• During the Saturday Night Live B-movie spoof "Attack Of The Terrible Snapping Creatures", the unfortunate women (Gail Matthius and Jamie Lee Curtis) realize they're facing imminent danger, because there's suddenly scary music playing in their apartment.
    • A sketch later in that season involves Bill Murray trying to write a romance novel, as its characters act out the novel-in-progress behind him.... which becomes more and more difficult when he hits writer's block (and they're left standing around impatiently waiting for a cue); and at one point quickly rereads everything he just wrote, forcing the characters to reenact the entire scene at breakneck speed.
  • In Farscape, after John Crichton finally reached the absolute nadir of his progressing insanity, he would occasionally hum along with the show's score.
    • The Jack Benny Show had similiar interaction, since Jack would start out on the stage and walk into the set after speaking with the audience. Including walking through the missing literal fourth wall so he could hand something to someone who walked out the front door.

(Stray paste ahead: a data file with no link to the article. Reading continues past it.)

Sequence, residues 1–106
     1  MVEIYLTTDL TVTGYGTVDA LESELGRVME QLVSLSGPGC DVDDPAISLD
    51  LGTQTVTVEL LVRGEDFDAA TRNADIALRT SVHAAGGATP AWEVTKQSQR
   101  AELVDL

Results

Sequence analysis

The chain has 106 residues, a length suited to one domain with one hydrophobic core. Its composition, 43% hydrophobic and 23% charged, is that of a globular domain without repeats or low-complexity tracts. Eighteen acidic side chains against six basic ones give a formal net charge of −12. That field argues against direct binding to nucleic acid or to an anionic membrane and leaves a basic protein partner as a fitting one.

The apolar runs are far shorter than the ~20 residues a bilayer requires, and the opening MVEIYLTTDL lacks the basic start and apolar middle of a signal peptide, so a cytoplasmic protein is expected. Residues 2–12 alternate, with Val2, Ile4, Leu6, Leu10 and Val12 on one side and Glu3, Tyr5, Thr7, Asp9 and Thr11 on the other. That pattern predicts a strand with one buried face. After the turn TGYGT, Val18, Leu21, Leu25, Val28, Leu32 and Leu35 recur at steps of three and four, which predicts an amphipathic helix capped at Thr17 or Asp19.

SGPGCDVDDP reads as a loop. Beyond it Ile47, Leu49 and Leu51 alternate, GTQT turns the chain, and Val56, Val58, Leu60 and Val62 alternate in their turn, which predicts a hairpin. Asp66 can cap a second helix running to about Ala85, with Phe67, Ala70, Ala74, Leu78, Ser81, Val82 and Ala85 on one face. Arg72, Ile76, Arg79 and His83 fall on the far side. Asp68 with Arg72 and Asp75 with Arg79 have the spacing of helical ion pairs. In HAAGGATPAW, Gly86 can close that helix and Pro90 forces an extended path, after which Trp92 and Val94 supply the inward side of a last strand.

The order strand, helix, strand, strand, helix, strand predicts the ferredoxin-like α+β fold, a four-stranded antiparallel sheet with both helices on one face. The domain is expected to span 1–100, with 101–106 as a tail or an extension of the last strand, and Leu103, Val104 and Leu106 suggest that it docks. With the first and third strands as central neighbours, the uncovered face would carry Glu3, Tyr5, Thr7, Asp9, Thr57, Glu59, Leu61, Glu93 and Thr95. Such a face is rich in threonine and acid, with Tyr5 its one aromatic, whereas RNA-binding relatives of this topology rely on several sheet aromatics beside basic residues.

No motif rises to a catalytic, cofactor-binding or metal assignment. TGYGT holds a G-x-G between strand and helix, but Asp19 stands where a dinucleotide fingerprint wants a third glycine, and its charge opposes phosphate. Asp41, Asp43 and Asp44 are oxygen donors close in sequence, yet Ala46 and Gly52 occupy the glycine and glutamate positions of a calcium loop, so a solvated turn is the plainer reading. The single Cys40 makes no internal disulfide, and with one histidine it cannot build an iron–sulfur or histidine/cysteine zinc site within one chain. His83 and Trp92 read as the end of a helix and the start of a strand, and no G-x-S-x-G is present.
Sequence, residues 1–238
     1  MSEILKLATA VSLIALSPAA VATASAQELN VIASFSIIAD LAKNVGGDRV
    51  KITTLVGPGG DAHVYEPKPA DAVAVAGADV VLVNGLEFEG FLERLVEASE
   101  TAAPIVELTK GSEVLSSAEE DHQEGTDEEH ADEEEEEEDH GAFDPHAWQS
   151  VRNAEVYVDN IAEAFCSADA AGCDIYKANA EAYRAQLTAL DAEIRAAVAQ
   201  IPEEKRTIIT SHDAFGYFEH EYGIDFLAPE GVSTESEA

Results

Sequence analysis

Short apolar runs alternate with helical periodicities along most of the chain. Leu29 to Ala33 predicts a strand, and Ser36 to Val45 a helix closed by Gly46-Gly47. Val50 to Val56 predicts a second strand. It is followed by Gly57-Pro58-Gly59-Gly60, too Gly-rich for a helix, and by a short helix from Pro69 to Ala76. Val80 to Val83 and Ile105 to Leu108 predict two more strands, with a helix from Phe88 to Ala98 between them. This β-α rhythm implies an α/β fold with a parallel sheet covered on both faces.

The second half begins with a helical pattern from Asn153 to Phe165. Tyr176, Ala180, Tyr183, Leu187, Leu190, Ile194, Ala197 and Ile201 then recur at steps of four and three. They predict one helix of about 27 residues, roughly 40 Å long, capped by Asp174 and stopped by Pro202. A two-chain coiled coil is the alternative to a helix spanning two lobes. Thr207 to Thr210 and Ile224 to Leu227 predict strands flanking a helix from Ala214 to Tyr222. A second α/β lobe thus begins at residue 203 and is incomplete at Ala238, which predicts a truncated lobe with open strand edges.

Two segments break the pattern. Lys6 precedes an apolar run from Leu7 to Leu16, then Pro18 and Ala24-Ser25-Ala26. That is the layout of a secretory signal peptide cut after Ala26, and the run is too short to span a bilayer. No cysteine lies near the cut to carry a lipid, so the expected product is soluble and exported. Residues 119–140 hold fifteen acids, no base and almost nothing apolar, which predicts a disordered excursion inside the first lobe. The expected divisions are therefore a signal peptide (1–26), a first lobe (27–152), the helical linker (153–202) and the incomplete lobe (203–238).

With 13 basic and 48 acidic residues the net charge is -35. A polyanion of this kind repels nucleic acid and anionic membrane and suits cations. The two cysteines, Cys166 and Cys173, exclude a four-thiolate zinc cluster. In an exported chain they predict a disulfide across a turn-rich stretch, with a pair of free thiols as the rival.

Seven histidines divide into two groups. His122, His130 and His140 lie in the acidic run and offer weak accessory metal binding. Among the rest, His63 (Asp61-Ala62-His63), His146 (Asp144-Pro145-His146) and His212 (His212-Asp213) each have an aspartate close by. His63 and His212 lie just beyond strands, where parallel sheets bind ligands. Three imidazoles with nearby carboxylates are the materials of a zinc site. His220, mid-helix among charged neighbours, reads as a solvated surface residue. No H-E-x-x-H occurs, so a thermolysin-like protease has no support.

• The Burns And Allen Show started the same year (1950) and George Burns especially would talk to the camera and announcer. Also the commercials were built into the show itself and George would sometimes watch what Gracie was doing on their TV set.
  • In the first episode of Kröd Mändoon and the Flaming Sword of Fire, Dongalor and Barnabas are having a conversation when the Narrator interrupts, then continue as though they had heard the Narrator, then become confused about just who had been talking.